Mother Nature or nuclear weapons is our choice of death

A nother week has past with more controversial statements from the Labour Party in relations to the future of British nuclear weapons. This week has also seen the normal alarmist debate surrounding climate change and its future ramifications. Both issues could potentially pose an existential threat to mankind, yet they are framed in very different ways. It is time to look at the concept of framing in order to disseminate which threats should be given the ultimate priority.

When I discussed this week’s editorial with our editor Alastair Stewart he made an excellent comment that sums it up- ‘it’s not left or right, it’s safety from humans or safety from nature’ – and he is right on the money. It all depends on how the surrounding world is framed, and what is it that actually matters to you?

One’s views on whether or not the UK should renew its nuclear arsenal depends on how you see our world, and more importantly, who (or indeed, what) poses the greatest threat to you? If your views on humans are more aligned with Thomas Hobbes (‘The condition of man… is a condition of war of everyone against everyone.’) than with Jean Jacques Rousseau you are probably going to see nuclear weapons as one of the only ways to protect us from other human beings, or their modern world extension – other states.

This, scholars would argue, is a narrow view on what constitutes security and threats. It would always put military threats at the top of the agenda. However, to anyone living in the real world it would be obvious that the world is far more complex. More and more people are seeing climate change as the greatest threat to mankind, which shifts the focus away from safety from human threat towards Mother Nature herself. Flooding, drought and extreme weather are some of the consequences of the climate changing, and if we see these as the no.1. threat we would probably divest from nuclear weapons and spend it on mitigation such as building flood defences. But it all boils down to your perspective and how different threats are framed.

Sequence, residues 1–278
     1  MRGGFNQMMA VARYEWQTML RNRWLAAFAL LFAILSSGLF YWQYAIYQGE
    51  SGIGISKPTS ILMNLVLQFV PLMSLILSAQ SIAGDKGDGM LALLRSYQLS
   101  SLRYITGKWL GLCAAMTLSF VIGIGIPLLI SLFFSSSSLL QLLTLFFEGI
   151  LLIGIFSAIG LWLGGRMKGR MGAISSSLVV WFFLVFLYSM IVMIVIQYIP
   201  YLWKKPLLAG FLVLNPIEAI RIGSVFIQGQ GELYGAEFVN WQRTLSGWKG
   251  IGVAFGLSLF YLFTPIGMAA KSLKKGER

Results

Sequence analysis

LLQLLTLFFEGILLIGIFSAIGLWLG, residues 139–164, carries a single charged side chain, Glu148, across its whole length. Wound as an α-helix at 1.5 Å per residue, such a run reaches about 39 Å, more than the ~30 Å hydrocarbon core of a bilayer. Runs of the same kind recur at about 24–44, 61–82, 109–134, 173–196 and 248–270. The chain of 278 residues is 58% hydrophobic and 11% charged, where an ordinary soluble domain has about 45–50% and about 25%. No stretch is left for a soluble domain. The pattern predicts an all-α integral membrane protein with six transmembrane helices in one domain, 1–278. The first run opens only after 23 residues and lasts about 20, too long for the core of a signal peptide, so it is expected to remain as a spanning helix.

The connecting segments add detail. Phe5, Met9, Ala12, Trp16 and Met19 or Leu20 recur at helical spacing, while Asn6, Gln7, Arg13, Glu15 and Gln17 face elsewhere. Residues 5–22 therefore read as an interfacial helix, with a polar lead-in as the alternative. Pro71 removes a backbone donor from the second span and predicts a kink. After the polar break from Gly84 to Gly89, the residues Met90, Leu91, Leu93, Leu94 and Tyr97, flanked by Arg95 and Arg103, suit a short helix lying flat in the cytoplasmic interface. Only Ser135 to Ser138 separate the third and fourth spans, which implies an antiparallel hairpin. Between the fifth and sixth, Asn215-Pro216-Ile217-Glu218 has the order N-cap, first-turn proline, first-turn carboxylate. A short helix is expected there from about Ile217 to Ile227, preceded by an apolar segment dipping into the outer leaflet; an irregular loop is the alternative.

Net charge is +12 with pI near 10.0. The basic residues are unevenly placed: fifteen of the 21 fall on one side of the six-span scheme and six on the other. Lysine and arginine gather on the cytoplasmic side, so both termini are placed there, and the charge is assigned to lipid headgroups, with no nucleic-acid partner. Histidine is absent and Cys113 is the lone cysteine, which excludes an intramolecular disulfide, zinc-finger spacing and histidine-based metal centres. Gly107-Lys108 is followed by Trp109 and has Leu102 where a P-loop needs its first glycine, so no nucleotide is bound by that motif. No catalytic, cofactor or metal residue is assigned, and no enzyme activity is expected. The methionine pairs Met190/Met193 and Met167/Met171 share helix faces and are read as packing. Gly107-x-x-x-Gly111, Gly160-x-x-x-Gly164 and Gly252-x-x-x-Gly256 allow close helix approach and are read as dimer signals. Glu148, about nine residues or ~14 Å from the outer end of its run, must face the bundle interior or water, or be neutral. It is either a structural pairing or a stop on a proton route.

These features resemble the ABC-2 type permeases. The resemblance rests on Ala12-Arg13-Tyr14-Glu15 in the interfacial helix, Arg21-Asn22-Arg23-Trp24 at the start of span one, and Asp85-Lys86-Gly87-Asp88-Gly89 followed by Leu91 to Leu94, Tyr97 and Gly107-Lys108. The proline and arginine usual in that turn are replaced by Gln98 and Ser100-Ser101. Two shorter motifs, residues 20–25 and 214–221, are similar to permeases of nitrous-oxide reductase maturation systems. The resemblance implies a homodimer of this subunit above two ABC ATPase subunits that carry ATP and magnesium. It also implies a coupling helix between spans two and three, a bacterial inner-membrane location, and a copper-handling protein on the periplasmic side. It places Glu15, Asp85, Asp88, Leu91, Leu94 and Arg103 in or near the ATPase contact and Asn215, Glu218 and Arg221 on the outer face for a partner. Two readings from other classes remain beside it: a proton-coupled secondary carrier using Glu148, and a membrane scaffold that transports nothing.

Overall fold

At Darrow we do not seek to take sides in this debate, but rather to promote different thinking – new angles to old problems and promote reframing exercises. Today’s political climate is far too black and white. Old problems are returning, but in a setting never seen beforeThe political establishment, be that in Brussels, London or Edinburgh, by and large try the same ideas from the past but expecting new outcomes. New, fresh thinking is necessary to deal with the brave new world we are facing, a world filled with new and familiar dangers that are ever-shifting.

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